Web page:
@Kenny TM: The MATH.SE site is looking much better now. phew...
@Kenny TM: I don't understand why JIn is doing things which are not needed. The upvote symbol which used to be one triangle up was far better, the 2 triangles isn't looking good!

@Chandru1 the old themes are for beta sites only. you should have voiced out earlier if you find the arrows don't look good. (i think it's fine.)

7:30 PM
@Kenny TM: What i am saying is, this site had that single arrow when it launched. the double arrow is not looking good! See as a visitor i am making a request, thats all. Its all upto you now.

8:19 PM
hi giddy
Hi Weltschmerz

Hey.

That's interesting, that you switched from physics to mathematics

Yeah. Physics seemed too constrained for me.

what mathematics are you currently interested in?
have you ever had classes called applied mathematics? I've wondered what the difference is between applied mathematics and physics

Hm, what mathematics... I don't know, I'm learning the basics. I like everything.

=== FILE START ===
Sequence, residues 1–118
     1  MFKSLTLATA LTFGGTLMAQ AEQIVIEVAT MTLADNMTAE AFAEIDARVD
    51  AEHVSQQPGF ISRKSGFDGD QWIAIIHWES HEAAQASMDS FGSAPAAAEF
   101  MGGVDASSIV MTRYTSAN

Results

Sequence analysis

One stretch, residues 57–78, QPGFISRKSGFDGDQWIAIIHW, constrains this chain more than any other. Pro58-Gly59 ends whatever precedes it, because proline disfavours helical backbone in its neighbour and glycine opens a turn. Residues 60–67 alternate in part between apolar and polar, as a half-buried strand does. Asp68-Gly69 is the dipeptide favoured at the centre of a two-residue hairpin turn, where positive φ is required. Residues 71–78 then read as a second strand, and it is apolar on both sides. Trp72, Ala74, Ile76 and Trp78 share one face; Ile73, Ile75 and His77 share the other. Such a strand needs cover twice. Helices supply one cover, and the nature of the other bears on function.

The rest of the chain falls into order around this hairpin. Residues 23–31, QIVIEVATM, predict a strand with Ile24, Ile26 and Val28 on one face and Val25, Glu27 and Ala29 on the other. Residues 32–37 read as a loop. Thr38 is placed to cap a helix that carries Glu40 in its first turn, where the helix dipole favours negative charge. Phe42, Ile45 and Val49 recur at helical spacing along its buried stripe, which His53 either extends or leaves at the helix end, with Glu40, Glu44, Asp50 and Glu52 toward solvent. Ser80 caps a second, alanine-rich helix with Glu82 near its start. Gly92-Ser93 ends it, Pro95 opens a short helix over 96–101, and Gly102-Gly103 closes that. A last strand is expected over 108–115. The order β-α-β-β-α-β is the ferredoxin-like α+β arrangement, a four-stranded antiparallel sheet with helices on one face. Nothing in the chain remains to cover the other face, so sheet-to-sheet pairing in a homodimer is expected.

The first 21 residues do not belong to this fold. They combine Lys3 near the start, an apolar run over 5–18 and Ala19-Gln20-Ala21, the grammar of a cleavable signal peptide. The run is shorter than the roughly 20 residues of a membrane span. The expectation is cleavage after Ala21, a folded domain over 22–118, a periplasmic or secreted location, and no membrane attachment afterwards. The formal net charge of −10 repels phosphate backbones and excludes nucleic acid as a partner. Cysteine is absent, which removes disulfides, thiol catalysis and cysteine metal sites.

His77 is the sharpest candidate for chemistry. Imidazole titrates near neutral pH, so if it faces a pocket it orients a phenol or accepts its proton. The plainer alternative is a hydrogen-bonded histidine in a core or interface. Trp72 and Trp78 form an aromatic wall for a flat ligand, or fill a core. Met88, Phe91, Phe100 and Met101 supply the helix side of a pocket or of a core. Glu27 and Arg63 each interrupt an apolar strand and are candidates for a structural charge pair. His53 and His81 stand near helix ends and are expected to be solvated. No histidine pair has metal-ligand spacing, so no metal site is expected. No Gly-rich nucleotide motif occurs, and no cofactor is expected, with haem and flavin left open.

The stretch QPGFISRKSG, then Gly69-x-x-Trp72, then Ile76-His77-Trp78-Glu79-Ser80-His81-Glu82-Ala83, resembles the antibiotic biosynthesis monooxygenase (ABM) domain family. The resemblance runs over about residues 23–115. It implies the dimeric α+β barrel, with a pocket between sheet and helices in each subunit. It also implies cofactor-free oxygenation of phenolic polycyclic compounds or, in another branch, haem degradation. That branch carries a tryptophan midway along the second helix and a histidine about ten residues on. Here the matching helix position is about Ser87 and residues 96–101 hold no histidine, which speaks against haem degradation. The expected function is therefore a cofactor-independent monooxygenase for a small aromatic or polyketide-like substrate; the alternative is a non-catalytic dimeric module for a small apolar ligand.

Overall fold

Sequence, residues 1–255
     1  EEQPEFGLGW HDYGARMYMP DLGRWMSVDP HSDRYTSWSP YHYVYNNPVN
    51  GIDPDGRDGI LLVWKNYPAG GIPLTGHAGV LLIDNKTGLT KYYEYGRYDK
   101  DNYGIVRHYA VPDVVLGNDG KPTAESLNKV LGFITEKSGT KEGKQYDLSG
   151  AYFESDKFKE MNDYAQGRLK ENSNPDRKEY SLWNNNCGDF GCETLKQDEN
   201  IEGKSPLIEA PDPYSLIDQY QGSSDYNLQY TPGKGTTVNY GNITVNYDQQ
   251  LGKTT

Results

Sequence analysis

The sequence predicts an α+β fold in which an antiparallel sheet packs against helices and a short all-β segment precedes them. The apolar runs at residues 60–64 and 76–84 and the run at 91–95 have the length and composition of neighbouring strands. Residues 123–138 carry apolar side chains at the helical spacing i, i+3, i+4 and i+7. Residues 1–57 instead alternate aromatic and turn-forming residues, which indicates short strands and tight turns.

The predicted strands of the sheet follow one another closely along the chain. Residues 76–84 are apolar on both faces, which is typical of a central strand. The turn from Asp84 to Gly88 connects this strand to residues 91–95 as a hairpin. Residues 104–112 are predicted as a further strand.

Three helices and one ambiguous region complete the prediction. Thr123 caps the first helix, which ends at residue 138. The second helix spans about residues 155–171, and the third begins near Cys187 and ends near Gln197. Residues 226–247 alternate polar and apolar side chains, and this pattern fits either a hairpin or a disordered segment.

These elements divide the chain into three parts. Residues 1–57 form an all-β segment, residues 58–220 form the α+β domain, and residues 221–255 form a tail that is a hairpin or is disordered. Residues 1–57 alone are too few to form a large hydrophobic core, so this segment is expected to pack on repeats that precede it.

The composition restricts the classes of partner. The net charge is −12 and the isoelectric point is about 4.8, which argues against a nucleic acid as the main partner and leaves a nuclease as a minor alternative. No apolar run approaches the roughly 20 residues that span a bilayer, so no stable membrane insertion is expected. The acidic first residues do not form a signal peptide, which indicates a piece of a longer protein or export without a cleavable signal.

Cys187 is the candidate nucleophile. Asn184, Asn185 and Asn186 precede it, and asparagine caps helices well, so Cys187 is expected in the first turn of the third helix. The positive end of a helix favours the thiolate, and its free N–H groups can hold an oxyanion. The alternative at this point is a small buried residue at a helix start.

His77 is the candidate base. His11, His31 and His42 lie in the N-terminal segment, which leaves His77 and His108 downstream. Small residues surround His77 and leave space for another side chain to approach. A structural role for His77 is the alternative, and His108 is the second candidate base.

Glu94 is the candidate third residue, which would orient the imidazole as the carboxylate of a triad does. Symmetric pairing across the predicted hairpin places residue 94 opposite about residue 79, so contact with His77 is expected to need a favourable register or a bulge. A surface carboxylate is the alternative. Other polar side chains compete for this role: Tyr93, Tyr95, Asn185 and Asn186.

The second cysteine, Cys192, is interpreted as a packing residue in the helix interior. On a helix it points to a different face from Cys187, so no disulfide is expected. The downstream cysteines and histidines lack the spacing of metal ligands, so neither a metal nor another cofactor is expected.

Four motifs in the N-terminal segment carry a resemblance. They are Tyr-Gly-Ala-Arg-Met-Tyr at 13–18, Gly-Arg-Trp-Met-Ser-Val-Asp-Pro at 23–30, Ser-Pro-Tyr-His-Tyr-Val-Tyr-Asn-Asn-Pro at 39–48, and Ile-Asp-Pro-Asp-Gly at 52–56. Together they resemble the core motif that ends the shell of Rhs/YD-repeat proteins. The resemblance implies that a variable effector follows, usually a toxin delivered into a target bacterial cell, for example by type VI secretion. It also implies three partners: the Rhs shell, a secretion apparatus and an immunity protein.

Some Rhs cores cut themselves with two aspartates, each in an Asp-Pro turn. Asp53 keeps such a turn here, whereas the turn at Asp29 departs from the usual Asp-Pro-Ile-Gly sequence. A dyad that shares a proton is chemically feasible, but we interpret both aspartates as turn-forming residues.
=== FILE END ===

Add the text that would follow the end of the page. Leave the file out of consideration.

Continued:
8:30 PM
cool :)

I suppose that applied math is different from physics in that the arguments are based more on math itself. I mean, it's still math. Whereas with physics it's a different line of reasoning.
Also physicists tend to be very sloppy in their math and I found that very annoying.

Weltschmerz, it's not very rigorous as a mathematics undergrad

physics isn't applied math for the same reason that theoretical physics isn't pure math
You're end goal is to produce a repeatable prediction or explanation of an observable phenomena, Yes you typically use math as your primary tool to achieve that goal.

crasic, that is a nice way to put it

Yes. In mathematics you're not bound by that.

8:36 PM
Your*, Essentially, the focus of your work, for the most part isnt the math itself. It would be like calling demography a sub-branch of statistics
There are subfields that muddy the waters, string theory for one.

Well, string theory hasn't made any experimental predictions yet. It works above the physical theories that do make predictions.